Various American administrations have at times been justly or unjustly accused of "isolationism," even though most of them, since World War II, had to impose themselves boldly on the international scene. In fact, and as far as global politics goes, it is next to impossible for any administration to remain devoted to domestic matters only, as it will eventually be immediately swapped by the chaotic political world scene. The new Bush administration had promoted at its beginnings an image of home self-sufficiency and withdrawal from the world, but then the renewal of the mandate of the peace-keeping force in Kosovo had to be approved, with a further extension of NATO power in Macedonia granted; the smart-sanctions policy in Iraq had to be revisited; and a major crisis with China had to be avoided after the spy-plane incident; and, last but not least, the Palestinian state as a solution has been finally endorsed (thanks to the twin towers), so that even the Clinton proposals on the "sharing" of Jerusalem would look moderately shy by comparison.
But whatever we think of the Bush foreign policy team and its misadventures, the main problem, however, remains that policies are always asserted, as the ones of the previous administrations, within a background of indifference and general unconcern from the population at large. Indeed, there is a visible élitism throughout the history of the United States which delegates crucial decision making to all kinds of well recruited political, economic, and judicial authorities. The rest of the population remains for the most part concerned neither with the rationality nor the outcome of such decisions, and the fact that president Bush, like his father during the so-called Gulf war, has seen his approval ratings surge to over 90% only shows that an apoliticized public, which for a long time has remained outside decision making, only manifests tribal affiliations of a poor judgmental nature in moments perceived as dangerous to the nation.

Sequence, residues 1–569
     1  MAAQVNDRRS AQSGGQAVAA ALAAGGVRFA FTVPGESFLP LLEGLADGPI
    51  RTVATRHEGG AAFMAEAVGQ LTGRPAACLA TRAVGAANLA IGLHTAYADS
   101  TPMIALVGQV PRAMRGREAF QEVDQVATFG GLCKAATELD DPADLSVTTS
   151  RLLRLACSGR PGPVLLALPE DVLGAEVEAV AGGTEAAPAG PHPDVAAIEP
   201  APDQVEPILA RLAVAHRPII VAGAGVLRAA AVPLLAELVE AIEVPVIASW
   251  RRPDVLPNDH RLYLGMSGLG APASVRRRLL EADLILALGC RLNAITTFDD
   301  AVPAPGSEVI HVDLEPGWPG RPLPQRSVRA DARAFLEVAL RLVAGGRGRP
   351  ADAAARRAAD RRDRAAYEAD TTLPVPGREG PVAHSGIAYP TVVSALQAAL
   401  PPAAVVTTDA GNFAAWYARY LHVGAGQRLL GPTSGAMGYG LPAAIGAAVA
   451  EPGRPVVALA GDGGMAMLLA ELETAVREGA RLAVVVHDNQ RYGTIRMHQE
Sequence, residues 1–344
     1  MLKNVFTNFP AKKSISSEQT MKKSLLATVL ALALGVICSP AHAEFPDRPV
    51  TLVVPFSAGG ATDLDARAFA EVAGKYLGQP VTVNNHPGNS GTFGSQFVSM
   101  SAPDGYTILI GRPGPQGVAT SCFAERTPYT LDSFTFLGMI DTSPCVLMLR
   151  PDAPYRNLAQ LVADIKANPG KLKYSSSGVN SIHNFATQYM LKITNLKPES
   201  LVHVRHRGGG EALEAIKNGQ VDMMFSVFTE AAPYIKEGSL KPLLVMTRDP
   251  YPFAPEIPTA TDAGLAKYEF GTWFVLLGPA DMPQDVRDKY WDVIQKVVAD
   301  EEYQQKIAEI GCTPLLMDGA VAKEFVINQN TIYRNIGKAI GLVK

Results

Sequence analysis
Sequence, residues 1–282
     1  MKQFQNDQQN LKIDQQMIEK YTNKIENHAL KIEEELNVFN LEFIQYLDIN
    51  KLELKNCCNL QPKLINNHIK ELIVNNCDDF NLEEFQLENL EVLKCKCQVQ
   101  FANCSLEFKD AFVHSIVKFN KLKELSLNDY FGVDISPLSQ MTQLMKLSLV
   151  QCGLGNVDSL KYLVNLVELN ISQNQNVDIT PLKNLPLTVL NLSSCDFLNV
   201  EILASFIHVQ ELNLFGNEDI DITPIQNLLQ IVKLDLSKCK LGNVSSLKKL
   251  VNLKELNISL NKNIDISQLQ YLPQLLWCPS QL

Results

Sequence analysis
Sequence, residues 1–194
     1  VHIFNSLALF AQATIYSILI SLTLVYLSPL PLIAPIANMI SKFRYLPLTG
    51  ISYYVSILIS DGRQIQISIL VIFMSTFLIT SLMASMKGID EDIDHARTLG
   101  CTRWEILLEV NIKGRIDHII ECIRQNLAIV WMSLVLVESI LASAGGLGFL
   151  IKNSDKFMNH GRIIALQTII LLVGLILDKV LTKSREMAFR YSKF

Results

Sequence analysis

There are obvious historical roots that would explain the apolitical nature of the American public, and the narcissistic image that it develops with its own self and with the rest of the world as well, or to state things a bit differently, in the way this public projects itself into the rest of the world without any knowledge of the cultures, societies, and civilizations out there. It remains to be seen, as Braudel once noted in his "grammaire des civilisations," how long the United States can still maintain that image of a "fresh beginning," one that represents America not only as an autonomous continent surviving on its own, but also as superior in its values to a decadent Europe. One can only note in this respect how the social sciences are implemented on American campuses, and how European authors and arts are received on the other side of the Atlantic (which Braudel perceived as a natural extension to the old Mediterranean). Either those works of the sciences and arts are popularized to the point of non-recognition, or else --and that's typical of élite colleges-- they're defaced in a post-modern jargon which cuts them from their socio-historical roots. Either way, the result is that the social sciences, which are a purely European creation, have been abstracted from their genuine battle fields so as to become academic topoi, which bore the students to death, and which provide their bearers tenure appointments and all kinds of meaningless "core" programs. (Ironically, such core programs typically bypass American culture in favor of the more classical Greco-Roman and European origins.)